Paula Chin in Legal/Financial on April 22, 2019
When Leonard Barish of John B. Lovett & Associates began managing 865 UN Plaza in 2016, he was greeted by a trio of vexing problems. First, the red-brick facade of the 16-story pre-war luxury condominium in the Turtle Bay neighborhood was in need of serious repair. Second, many of the 87 unit-owners were months behind on their common charges. And third, roughly half of them – a mix of United Nations employees, professionals, lawyers, and investors – live out of town or overseas. Reaching them was no easy feat. But eventually, through dogged legwork, Barish started collecting the arrears.
It was then time for condo board and manager to turn their attention to the overdue facade repairs, which amounted to nearly $20,000 for each unit. Wiping out the condo’s $400,000 reserve fund wasn’t an acceptable option. Nor was imposing a punishing assessment, since unit-owners were already paying a 10 percent fee put in place in 2018 to bulk up the reserves depleted by a roof replacement.
Board and management negotiated a seven-year construction loan for the full amount of the facade repairs, but a unit-owner vote fell far short of the two-thirds supermajority required for approval. So the board set up a subcommittee and encouraged residents to join. “We’d already gotten unit-owners involved when we invited them to come with us when we met with contractors,” says board president Akhilesh Singh. “Transparency was very important, and we tried to open things up and get everyone’s input from the very beginning.”
Two committee members, both of whom work in finance, quickly brainstormed a three-pronged plan. The board would use its reserves to help finance the project, then replenish the fund through a two-year assessment – in effect, lending owners 27 percent of the total project cost interest-free. For the remaining 73 percent of the needed funds, owners would have the option of paying 10 percent, 37 percent, or 100 percent of it up front. The balance would be financed by the loan. The more people paid on the front end, the less money the condo would have to borrow.
Unit-owners who front their full share will pay a $198 monthly assessment for the reserves for two years, while owners who choose the minimum 10 percent will pay that amount, plus an additional $173 a month for the loan for seven years. To soften the sting, the current assessment for the roof repair would be suspended while the reserve loan is being repaid. “It’s a plan that accommodates people’s different abilities to pay,” says Barish. “It had something for everybody.”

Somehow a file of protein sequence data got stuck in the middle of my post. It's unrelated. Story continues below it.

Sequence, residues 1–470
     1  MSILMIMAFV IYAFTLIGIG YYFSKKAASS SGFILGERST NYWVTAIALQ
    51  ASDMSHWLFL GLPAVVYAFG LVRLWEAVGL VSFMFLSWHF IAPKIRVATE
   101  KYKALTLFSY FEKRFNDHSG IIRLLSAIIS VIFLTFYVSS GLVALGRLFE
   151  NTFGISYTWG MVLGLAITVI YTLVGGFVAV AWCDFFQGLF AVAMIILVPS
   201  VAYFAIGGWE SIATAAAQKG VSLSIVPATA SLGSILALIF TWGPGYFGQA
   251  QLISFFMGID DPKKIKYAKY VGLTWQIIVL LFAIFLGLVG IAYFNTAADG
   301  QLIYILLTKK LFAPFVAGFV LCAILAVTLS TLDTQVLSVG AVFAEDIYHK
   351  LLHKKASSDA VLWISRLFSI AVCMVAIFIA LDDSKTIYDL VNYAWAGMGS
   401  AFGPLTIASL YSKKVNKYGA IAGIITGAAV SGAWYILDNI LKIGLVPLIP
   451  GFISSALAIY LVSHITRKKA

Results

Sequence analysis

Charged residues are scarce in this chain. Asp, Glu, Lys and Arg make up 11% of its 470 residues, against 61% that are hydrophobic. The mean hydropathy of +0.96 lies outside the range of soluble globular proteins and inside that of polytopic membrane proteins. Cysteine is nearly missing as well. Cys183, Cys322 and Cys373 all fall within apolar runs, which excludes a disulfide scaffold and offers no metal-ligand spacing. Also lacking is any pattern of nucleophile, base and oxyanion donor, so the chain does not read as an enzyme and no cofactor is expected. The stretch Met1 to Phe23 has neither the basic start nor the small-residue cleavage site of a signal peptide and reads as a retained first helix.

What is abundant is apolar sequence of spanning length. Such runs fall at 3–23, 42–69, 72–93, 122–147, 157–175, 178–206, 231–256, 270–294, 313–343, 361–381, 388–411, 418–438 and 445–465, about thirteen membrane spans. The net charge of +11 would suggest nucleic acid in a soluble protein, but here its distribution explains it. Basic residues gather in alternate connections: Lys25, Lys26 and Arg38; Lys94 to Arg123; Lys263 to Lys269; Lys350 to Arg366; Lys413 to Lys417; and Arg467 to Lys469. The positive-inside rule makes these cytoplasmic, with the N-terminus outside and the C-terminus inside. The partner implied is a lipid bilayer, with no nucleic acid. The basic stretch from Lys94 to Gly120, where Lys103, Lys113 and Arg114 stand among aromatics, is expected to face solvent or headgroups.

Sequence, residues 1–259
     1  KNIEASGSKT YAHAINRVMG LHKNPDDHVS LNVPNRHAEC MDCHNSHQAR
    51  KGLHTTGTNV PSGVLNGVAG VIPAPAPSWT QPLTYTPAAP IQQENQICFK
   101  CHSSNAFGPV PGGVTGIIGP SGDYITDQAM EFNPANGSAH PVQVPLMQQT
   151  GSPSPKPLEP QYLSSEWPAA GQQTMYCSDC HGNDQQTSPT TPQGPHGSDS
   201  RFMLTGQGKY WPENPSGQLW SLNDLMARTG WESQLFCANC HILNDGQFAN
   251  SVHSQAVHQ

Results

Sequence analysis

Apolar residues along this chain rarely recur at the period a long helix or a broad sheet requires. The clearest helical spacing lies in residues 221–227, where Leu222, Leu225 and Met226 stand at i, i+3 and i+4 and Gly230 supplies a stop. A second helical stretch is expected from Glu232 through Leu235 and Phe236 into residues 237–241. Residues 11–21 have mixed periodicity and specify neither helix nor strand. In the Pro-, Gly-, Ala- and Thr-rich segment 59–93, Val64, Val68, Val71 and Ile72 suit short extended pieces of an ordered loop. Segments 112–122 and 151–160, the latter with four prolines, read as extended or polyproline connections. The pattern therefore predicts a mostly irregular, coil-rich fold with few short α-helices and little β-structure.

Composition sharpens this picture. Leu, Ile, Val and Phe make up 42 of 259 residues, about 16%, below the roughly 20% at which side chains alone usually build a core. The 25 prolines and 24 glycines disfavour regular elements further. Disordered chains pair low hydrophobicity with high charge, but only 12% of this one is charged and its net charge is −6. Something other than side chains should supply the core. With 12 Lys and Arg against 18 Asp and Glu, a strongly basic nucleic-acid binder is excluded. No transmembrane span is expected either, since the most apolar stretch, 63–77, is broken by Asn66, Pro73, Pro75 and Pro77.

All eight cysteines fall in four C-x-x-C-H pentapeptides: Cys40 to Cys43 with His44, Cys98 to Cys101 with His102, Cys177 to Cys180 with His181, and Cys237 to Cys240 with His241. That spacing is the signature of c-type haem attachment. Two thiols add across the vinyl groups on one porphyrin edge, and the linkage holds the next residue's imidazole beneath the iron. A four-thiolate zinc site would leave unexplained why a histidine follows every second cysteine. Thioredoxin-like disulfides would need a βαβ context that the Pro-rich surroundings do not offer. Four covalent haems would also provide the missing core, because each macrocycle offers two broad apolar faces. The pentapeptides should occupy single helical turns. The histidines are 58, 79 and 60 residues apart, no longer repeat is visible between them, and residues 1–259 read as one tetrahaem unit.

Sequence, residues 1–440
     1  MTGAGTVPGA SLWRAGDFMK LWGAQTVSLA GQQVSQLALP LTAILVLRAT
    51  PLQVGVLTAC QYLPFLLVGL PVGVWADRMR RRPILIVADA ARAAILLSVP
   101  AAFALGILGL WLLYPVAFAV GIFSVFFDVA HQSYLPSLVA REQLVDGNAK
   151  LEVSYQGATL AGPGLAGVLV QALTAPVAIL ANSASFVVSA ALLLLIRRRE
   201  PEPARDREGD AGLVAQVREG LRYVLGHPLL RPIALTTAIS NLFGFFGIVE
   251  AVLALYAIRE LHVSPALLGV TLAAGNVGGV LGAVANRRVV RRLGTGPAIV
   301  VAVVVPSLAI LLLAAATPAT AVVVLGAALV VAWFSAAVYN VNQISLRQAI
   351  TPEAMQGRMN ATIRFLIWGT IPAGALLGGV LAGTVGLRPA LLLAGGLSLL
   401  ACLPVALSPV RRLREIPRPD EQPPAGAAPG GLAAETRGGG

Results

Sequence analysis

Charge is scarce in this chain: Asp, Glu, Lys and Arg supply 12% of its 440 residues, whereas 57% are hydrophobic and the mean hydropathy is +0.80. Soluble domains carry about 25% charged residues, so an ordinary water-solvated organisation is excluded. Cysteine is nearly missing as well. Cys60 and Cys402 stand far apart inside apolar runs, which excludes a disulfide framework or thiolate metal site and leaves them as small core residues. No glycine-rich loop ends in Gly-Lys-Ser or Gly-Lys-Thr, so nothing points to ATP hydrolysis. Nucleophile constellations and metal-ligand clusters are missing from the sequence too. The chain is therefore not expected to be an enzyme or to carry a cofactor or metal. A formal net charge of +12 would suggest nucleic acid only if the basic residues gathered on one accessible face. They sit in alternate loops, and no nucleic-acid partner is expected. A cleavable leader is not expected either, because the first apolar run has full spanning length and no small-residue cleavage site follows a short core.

Unit-owners were sent notices outlining the plan and told that a second meeting would be held in December. This time, the board got the votes it needed to greenlight the loan – including some 10 percent by proxy. What remained to be seen, though, was just how much unit-owners would ante up. “We figured a lot of them would be willing to pay their whole share up front in order to avoid the finance charges,” Singh says.
The board was right on the money. A detailed notice was promptly sent out, explaining that unit-owners had six weeks to respond, that those who failed to respond would default to the 37 percent option, and that the money was due on March 1. As expected, most chose to pay everything up front. “And we got $600,000 total,” says Barish, “which means we need just $500,000 for the loan.”
The condo board is now negotiating a loan from the National Cooperative Bank, and Barish expects the facade repairs, which are scheduled to begin soon, will be finished before the end of the year. Easy as one, two, three – thanks to the dedication and creativity of the board, the committee, and management.
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